-

-

7

l iit
.
189
538— 1 '1.15”'
1.11
51
1.16
10
.88
23

253
2*
1?

-

1.70

Firemen, stationary boiler....................
Manufacturing............................
Nonmanufacturing ..........................
Retail trade ...........................
Services______________T_____ ______ t-t-

Machinists, maintenance .......................
Manufacturing ............................

-

-

5
~ r

9
5
2 ~ir
3
5
i
*
3

1
*
_
_
22
1
*
3
3
9
9
.
_
-

1
_
-

12 152
12 152

7
6

-

20
20

1
*
1
*

1
1

53
53

9

20
•
20
20
~

If
l

k

5
_
5

_
-

i*
i

5
9

6
I
t

2
1

12

h

2
1
1

_
-

~

1
1
- ' 1
1
1

2

2 l*
i
- ■11
2
3
2

_
_

69
13

2
2

2

133 37
129 36

9

30
30

1
1

-

_
-

_
-

1
1

5

-

1?
18
1

12
12

2
2

6

6
2
1
*
.
-

?6

1
1

2

f
*

h
-

8
3
5
5
-

-

37
35

-

U

-

1
1

2 l»
l
2 l*
i

25
25
22

1*

1 6
*
3 ’“5
1 1 _

12
12

7
-

20
20
-

8
8

_
-

13

6
6
_

2
1

3

-

_

6
1
1

10

10

13

1

-

?
9
2
P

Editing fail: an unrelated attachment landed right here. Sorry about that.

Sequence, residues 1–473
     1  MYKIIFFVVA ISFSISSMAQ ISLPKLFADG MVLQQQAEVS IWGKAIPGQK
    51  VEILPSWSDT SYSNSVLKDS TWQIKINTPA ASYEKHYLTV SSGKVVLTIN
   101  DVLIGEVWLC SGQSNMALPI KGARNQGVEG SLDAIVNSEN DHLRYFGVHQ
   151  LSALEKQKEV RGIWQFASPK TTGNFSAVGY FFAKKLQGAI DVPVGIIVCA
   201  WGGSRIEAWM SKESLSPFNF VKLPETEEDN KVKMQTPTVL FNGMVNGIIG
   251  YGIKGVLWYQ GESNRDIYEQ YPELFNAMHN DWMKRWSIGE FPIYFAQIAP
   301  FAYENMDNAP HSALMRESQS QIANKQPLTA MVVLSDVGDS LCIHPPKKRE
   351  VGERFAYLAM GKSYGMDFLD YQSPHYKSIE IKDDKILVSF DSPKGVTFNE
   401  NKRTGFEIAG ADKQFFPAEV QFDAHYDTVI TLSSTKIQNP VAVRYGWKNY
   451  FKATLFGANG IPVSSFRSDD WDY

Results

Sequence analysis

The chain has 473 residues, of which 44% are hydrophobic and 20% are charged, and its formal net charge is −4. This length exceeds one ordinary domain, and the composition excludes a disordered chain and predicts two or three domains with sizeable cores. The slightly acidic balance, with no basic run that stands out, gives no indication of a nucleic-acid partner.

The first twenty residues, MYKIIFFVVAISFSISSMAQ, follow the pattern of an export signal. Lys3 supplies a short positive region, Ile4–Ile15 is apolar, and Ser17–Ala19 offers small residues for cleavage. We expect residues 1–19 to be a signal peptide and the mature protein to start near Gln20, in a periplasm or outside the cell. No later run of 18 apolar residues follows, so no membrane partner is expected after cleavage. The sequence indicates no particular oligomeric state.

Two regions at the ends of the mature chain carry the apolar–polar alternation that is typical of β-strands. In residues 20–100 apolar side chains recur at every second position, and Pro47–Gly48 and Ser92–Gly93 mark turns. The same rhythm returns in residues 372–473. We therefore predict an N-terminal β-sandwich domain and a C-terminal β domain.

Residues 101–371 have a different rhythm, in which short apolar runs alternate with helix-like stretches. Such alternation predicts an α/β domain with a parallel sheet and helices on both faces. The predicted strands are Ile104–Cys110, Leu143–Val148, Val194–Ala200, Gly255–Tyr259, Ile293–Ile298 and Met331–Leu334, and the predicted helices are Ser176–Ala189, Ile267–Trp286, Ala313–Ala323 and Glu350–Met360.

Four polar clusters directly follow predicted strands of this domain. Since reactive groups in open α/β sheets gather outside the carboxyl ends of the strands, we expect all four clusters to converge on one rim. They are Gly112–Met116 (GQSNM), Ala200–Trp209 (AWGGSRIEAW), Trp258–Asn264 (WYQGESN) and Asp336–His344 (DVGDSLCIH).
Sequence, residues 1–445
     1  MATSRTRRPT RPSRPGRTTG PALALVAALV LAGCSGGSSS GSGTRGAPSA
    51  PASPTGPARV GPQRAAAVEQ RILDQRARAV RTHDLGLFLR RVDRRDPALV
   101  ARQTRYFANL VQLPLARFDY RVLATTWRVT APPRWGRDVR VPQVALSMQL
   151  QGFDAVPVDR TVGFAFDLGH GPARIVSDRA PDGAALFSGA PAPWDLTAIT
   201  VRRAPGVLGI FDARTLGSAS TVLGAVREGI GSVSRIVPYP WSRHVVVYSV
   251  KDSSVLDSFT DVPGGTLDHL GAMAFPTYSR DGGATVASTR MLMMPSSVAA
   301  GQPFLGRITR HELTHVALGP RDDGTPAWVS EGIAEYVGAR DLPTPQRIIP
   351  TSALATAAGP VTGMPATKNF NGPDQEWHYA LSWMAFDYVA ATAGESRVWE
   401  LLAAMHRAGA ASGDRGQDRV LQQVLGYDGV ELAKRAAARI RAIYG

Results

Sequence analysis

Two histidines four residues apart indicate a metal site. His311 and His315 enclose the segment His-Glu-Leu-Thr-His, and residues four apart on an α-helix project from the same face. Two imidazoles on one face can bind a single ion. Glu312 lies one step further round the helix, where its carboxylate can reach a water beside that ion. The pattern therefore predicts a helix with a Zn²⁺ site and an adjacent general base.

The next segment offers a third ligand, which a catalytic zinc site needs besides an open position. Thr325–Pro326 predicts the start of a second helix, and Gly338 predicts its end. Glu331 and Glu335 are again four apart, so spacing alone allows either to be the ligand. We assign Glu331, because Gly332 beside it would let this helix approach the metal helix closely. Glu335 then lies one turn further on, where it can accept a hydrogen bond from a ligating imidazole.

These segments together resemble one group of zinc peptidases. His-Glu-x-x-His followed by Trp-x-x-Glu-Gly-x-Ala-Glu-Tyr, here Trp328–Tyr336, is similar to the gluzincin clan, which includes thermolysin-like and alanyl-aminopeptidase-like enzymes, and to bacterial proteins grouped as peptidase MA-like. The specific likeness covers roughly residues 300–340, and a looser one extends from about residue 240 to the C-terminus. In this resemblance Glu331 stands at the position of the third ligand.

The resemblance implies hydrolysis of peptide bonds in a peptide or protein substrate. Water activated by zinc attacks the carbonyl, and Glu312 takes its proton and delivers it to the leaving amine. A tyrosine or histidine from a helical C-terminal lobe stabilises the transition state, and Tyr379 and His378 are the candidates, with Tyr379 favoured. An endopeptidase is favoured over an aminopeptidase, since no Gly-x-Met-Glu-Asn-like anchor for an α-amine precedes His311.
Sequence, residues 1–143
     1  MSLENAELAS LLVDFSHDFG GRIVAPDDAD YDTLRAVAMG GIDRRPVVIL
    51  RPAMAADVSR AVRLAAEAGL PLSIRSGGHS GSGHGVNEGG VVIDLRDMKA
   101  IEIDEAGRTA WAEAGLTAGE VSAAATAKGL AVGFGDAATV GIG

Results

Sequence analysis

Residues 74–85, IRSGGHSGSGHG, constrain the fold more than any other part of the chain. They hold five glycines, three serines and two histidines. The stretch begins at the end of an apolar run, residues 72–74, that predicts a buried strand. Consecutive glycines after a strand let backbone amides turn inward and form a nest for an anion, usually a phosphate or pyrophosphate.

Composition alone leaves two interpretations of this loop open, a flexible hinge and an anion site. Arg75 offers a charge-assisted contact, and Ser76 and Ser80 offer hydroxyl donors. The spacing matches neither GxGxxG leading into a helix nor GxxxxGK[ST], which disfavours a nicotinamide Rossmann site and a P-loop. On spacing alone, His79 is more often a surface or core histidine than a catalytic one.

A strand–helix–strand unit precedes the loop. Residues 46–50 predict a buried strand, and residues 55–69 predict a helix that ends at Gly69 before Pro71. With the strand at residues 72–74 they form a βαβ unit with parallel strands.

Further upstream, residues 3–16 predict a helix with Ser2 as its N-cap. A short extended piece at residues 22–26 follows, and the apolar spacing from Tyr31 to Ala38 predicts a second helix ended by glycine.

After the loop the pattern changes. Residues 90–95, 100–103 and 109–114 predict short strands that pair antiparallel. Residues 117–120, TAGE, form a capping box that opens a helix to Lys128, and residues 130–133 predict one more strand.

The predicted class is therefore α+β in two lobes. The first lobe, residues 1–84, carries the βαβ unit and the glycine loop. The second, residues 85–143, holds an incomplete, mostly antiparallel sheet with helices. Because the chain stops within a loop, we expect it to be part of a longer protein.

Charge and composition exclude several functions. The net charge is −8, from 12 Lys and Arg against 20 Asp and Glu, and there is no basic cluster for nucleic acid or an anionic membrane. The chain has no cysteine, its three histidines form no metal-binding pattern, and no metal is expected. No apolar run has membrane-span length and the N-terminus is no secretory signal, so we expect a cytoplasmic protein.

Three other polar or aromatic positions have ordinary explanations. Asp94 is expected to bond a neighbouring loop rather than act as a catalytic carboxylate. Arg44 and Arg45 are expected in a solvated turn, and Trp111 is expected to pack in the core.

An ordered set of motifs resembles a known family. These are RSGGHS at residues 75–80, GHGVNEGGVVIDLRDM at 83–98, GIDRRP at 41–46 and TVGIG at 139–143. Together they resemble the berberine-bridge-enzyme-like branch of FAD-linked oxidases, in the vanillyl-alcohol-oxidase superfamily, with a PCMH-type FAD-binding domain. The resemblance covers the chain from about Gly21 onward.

2

7 ~ r

3

17
*
16
*
•o
a
1
1

12
12
12

52

i t

7

_ 1?
- 11
- I
t
- 3

1? 13
*
19 w
8 ■8
5
Q
2

1*6

38
31
21

7

1?
*

5

80

•

-

118 !°
*
118 i o
*

1

k

10
10
10
_
-

IZ

12

—
-

_
-

_

_

-

-

7
*

11
*
37

l
-

-

2

U

l
1
X

•

-

-

1
1

_
.
-

-

-

_
_
-

-

_

_

_

-

-

-

9
9
_
-

l
i
1
*
_

2
_
2
_

-

-

1

«
e

1

-

_
-

X

-

___J
Excludes premium pay far overtime and night work.
Workers were distributed as followsi $2.1*0 to $2.50, 3 workers} $2.50 to $2.60, 6 workers; $ 2.60 to $2.70, 2 workers.
Transportation (excluding railroads), communication, and other public utilities.




Occupational Wage Survoy, Richmond, 7a., October 1951
U.S. DEPARTMENT OP LABOR
Bureau of Labor Statistics

Table A-U:

G

u &

t o d ia l,

W

a ’f J i o u L m

?

a n d

S

U

ip f u *

?

G

e tm

p a t to

*

(Average hourly earnings \ f for selected occupations 2/ studied on an area
basis in Richmond, Va., by industry division, October 1951)

NUMBER OF WORKERS RECEIVING STRAIGHT-TIME HOURLY EARNINGS OF—
Number
o
f
wres
okr

Occupation and industry division

5
<
$
$
s
>
$
$
$
$
$
$
$
$
$
$
$
$
$
$
$
$
$
$
$
Aeae i
vrg
hul j
o r y Jnder 0.50 o.55 0.60 0.65 0.70 0.75 0.80 0.85 0.90 0.95 1.00 1.0 5 1 . c 1 .1 5 1.2C 1.25 1.3 0 1 .3 5 i.ao 1 1 5 1.50 1.55 1.60 1 .7 0 1.80 1.90